Being a foster child isn't easy anywhere at any age but can be especially challenging in a smaller community.
"I've always had somewhat of a love-hate relationship growing up in such a small town because of my circumstances mostly," he said. "You don't grow up in Philomath and hide much from people."
The love part of the equation came down to all of the people that influenced Markley and all of a sudden, he had goals that came into focus.
"People like my basketball coaches and Sarah Woosley at PYAC and teachers, it all came together and I realized that I wasn't going to make it without their help," he said. "So it was really a help to have that small community that knows everything about most of the young people's lives, especially with what I was going through. And they wouldn't let me fail."
Markley, a 2012 Philomath High graduate, is close to earning a bachelor's degree in psychology and he's applying to grad schools to pursue a master's in clinical mental health counseling. But he's enjoying his advocacy work.
"Later down the line, it would be really nice if I could somehow get on as a counselor for teens that are going through extraordinary circumstances or even foster youth specifically," he said. "But I'll continue to walk this advocacy path until the wheels fall off, I suppose."
Oien, the First Citizen Award recipient, volunteered at June's Kids Kloset for 12 years, the past 11 as program manager under the supervision of the Philomath Pastors Fellowship.
"Carey has worked hard to improve the operation of the program by developing policies and procedures, a strong long-term volunteer workforce, an inventory of good quality gently-used clothing and developed great relationships with local churches, the Philomath School District and other service organizations," Philomath Community Services said in its nominee notes. "In her years as program manager, Carey has increased the services provided by June's Kids Kloset to include the addition of teenage clothing several years ago and back-to-school supplies in more recent years."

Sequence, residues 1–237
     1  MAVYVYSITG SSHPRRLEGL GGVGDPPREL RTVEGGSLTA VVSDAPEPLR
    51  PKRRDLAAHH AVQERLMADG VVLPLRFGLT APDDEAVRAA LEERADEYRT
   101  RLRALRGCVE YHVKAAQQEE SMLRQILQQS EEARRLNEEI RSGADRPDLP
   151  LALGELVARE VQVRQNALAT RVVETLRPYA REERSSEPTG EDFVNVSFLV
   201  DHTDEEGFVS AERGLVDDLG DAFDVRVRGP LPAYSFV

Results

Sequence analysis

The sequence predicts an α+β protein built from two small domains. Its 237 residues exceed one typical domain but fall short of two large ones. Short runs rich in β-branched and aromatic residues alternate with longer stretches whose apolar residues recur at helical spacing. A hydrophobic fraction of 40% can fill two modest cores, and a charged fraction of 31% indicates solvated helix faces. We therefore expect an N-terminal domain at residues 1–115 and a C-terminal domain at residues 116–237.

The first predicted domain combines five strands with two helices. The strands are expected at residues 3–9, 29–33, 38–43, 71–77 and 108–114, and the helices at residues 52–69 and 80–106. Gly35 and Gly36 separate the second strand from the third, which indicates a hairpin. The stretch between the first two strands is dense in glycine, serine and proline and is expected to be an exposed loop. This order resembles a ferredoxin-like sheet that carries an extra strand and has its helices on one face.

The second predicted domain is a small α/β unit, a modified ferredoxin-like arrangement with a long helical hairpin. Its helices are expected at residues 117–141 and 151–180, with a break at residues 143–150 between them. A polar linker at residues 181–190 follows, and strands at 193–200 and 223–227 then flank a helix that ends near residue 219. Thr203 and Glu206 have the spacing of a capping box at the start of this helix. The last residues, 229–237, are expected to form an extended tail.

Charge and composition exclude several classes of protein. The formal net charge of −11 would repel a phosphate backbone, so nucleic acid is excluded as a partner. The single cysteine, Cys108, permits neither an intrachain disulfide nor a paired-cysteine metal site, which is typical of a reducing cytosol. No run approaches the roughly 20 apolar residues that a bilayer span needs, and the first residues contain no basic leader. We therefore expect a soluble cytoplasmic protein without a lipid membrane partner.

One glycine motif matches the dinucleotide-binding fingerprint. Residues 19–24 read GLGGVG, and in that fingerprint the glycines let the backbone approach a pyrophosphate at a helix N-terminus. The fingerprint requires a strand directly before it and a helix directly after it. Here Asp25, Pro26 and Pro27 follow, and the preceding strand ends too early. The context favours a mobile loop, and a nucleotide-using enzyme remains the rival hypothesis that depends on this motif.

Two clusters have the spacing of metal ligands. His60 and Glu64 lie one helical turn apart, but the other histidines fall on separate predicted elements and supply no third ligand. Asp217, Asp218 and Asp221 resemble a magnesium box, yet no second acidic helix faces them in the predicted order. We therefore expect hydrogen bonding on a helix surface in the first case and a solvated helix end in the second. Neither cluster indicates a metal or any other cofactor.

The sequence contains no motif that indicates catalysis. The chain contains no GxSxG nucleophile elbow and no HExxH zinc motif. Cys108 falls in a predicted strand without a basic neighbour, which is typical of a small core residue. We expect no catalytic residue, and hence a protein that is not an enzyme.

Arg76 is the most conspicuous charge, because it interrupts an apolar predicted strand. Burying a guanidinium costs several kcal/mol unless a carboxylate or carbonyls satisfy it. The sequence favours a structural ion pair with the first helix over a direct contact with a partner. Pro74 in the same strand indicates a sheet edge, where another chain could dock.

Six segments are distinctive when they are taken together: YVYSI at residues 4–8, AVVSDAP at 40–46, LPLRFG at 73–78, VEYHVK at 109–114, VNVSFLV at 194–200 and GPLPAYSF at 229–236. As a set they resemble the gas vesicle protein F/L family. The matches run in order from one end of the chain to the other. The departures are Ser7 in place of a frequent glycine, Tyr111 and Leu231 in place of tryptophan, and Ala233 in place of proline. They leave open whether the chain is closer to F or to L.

Oien has also been very active at Living Faith Community Church and in the local faith community in general, including numerous projects involving youth.
Schmidt, nominated by the Philomath Frolic & Rodeo, took home the Senior First Citizen Award. She has been associated with the Frolic for four decades as a chairperson and volunteer. After several years, she came up with the idea of a Frolic holiday craft fair.
"She now finds herself organizing, promoting and scheduling craft retailers and customers to provide one of the most-like and attended holiday craft fairs in the surrounding area," the Frolic & Rodeo wrote in its nomination presentation. "As is fitting, Marilyn chooses to give all proceeds back to the local civic organizations."
Through the Frolic's holiday craft fair, $7,000 was donated to local charities, including $2,500 that went to the Philomath Community Foundation toward a musical program and $2,200 to Philomath Community Services. Donations to the local charities have increased each year.
Each year, Schmidt organizes a blood drive in partnership with the American Red Cross. She's also been associated with the Corvallis Moose Lodge and American Business Women's Association.
McClelland earned the Future First Citizen Award, the event's newest honor that made its debut at last year's ceremony. McClelland, nominated by the PYAC, volunteers at the youth organization with the "Fun in the Sun" and STARS programs.
"She loves to play games with the kids, push them on the swings, play with them on the playground and enjoys helping them with arts and crafts projects," PYAC said in its nominee notes. "Aundie also likes to draw and play board games with the kids in the program."
McClelland also volunteers in the classroom at Clemens Primary School and Zion Lutheran's preschool, as well as at Philomath Community Library for storytime.
Samaritan Awards also went out to 19 individuals. Police chief Ken Rueben served as emcee and chamber board president Kerry DeGuzman greeted winners and handed out awards.